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Polyphia at Crescent Ballroom with Covet & Hail The Sun

October 9, 2018 @ 6:30 pm - 11:30 pm

Guitar-bending instrumental group Polyphia formed in the quiet suburban landscape of Plano, Texas in 2011. Somewhere between blisteringly fast metal guitar god territory and pure pop, the band came up with a sound that was technically brilliant but still managed to include catchy pop hooks with its face-melting guitar soloing. The band initially consisted of dual lead guitarists Tim Henson and Scott LePage, bassist Clay Gober, and drummer Brandon Burkhalter. They released two EPs, 2011’s Resurrect (their only recording to feature vocals) and 2013’s Inspire, before recording their 2014 full-length debut, Muse. Funds for the recording and production of Muse were raised by the band in an online fundraising campaign to which fans generously donated. The self-released album charted in the Top 100 of Billboard’s album chart, and Equal Vision signed Polyphia, reissuing the album in 2015. By the time the album was reissued, Burkhalter had been temporarily replaced by new drummer Randy Methe; however, Burkhalterrejoined in 2015 before leaving again in 2016. Polyphia‘s second album, Renaissance, their first as a trio, appeared on Equal Vision in March of that year. Spearheaded by the lively single “40oz,” 2017’s six-track EP The Most Hated delivered a genre-defying blast of technical shredding that drew inspiration from jazz, R&B, electronic, and hip-hop.

Without using a single word, Covet’s music says so much.

On their new release effloresce, the Bay Area trio effortlessly blend instrumental math-rock with elements of post-rock and post-metal, juxtaposing delicate melodies with propulsive rhythms and captivating energy. There’s an inescapable push and pull to the collection, both as a whole and in its individual pieces. It’s a facet of their sound the group rarely explored on their debut EP, 2015’s Currents, but one they’ve harnessed to its maximum potential here.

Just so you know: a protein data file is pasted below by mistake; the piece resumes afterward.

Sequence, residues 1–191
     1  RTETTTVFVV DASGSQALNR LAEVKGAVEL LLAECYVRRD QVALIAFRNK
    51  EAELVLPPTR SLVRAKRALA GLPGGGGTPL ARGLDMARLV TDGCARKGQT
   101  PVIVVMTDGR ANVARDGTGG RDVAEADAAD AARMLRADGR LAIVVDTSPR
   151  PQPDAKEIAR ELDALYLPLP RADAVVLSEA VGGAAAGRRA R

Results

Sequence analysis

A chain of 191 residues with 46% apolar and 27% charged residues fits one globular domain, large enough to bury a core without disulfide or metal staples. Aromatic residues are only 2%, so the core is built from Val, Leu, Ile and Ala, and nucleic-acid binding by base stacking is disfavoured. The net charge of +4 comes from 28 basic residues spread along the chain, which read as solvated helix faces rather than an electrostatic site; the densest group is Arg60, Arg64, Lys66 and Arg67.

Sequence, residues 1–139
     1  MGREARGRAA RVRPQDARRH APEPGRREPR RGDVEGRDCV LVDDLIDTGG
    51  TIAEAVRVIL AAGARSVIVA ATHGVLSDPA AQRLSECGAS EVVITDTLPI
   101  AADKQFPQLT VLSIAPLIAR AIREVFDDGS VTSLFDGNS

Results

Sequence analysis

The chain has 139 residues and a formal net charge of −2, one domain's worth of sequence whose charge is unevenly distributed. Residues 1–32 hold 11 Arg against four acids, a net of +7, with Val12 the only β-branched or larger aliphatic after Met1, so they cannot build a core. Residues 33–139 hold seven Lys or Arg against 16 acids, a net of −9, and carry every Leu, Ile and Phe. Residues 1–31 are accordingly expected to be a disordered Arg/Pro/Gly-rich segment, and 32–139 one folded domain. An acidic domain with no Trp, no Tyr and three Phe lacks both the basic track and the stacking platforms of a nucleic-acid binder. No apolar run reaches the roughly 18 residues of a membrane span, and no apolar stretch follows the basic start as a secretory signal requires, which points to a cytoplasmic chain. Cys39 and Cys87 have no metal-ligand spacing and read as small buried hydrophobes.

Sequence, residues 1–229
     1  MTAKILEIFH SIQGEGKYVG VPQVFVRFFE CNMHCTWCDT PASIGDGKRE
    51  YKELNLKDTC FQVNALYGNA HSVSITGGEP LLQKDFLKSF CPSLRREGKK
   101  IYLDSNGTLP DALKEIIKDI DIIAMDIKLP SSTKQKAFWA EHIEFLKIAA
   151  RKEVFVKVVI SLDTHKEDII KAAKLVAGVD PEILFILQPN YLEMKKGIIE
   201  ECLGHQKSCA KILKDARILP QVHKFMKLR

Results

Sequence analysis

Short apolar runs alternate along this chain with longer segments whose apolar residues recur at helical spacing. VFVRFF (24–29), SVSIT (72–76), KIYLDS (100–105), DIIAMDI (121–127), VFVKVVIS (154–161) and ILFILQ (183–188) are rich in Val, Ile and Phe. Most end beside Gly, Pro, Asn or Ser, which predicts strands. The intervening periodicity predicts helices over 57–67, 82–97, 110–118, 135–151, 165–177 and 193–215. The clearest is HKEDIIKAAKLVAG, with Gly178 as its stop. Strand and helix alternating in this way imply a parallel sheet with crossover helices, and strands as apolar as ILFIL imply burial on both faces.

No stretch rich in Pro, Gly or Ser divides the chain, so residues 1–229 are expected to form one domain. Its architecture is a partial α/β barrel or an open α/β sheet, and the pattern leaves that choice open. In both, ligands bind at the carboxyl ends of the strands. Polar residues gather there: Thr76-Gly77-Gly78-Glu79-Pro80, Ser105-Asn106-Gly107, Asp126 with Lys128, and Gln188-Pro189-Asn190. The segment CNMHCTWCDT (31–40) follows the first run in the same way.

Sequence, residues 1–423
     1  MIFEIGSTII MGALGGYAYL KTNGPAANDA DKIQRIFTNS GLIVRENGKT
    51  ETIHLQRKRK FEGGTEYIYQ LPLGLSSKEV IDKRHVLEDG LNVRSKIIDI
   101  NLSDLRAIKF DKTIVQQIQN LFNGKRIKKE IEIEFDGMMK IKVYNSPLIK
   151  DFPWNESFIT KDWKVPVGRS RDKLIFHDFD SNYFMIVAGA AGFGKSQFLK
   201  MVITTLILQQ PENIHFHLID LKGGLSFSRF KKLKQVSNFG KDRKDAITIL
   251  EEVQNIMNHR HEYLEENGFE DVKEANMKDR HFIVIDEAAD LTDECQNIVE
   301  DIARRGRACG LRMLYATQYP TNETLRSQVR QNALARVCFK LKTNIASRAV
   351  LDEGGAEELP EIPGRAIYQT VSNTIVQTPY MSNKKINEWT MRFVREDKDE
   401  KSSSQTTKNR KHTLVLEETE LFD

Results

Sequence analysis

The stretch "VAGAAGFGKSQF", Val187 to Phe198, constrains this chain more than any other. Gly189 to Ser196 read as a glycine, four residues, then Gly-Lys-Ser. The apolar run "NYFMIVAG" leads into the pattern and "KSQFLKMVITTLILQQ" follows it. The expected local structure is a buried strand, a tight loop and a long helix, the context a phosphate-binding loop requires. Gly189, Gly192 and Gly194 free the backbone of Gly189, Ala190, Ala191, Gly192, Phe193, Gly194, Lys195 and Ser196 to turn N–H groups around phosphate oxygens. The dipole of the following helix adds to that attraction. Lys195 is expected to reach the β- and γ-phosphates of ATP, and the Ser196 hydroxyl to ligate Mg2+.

“Currents was very positive, clean tones,” guitarist Yvette Young explains. “I wanted this album to have more contrast between stuff that sounded happy and grosser sounds. Contrast is so important; it’s such a valuable songwriting tool for building suspense.”

Young—revered by guitarists around the world for her mastery of the innovative two-handed tapping technique—and bassist David Adamiak started Covet in 2014, with Young’s frenzied following providing some crucial early momentum. But old and new fans alike quickly gravitated to Covet’s immaculate, technically dexterous songwriting, and the childhood friends found a home on bills with bands like Chon and Polyphia.

“A lot of the songs on Currents were written when I had first learned electric guitar,” Young says. “I was new to guitar and really excited about being flashy on my instrument, and a lot of the songs I felt were underdeveloped in retrospect. On effloresce, we wanted to be flashy at times but more importantly, we wanted the songs to be memorable and convey a more diverse array of emotions. We wanted to take everything we love about different genres of music and fuse it into our sound, have dancey moments but also have the dynamics and tones of post-rock. And it’s considerably sludgier and heavier than our last release.”